, Volume 93, Number 6

Jan Pospisil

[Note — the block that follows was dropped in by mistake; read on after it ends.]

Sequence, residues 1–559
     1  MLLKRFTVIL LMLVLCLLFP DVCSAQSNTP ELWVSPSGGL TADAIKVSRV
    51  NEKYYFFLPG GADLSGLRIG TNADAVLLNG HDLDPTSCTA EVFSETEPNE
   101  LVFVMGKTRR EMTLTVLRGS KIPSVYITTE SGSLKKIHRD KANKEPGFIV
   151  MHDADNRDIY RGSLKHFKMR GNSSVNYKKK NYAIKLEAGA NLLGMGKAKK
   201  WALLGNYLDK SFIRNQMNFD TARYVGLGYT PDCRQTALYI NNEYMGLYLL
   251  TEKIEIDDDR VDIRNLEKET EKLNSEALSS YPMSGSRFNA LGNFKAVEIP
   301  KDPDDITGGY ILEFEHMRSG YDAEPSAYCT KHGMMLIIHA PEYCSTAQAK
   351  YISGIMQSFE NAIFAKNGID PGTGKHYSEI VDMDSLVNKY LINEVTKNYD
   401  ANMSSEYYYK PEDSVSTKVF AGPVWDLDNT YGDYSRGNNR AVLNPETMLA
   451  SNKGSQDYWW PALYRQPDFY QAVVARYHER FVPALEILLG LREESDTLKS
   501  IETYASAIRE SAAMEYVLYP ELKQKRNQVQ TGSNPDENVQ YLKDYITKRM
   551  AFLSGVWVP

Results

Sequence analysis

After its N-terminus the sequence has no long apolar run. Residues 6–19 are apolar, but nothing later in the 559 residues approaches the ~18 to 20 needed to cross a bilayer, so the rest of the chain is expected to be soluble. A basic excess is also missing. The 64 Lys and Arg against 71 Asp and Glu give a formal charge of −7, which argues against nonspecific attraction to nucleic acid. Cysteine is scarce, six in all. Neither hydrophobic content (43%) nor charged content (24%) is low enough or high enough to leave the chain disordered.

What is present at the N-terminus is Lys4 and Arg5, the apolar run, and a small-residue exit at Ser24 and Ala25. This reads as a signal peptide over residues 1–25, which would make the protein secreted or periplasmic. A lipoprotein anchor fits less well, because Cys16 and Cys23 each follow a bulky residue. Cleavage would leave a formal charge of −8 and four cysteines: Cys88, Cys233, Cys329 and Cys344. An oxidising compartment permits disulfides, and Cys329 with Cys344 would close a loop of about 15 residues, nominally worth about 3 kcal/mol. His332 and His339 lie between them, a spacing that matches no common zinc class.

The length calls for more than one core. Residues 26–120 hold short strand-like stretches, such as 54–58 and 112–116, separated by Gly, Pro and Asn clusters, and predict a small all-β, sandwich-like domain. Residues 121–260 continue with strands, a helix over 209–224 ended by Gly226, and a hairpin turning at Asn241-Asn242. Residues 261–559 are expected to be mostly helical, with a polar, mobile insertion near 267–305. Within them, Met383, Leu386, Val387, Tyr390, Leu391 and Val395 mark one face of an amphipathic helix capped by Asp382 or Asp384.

In order to work, international peace- and statebuilding has had to reshape the traditional notion of state sovereignty and legitimize increasingly interventionist endeavours in terms of an attenuated ‘shared’ sovereignty. Over the last decade, however, governments in recipient states have pushed back, demanding a more active role in negotiating with their OECD counterparts. The g7+ group, an international organization of now 20 self-proclaimed fragile states, has evolved as a key actor from the global South dealing with international peace- and statebuilding. The group’s approach to multilateral negotiations on development goals, and its creative use of donor concepts and approaches such as resilience, ownerships and measuring development progress, challenge the customary peace- and statebuilding practices. This challenge demonstrates that political elites in fragile states have started self-confidently to occupy the arenas of statebuilding and development. This article argues that in so-doing the g7+ group establishes a post-liberal sovereignty claim that is based on two pillars: resilient nationhood, and selectivity in the application of global liberal principles. Since it relies on the development policy principle of national ownership, such post-liberal sovereignty is difficult to counter for actors subscribed to liberal norms. Effectively, sovereignty is ‘unshared’ again.

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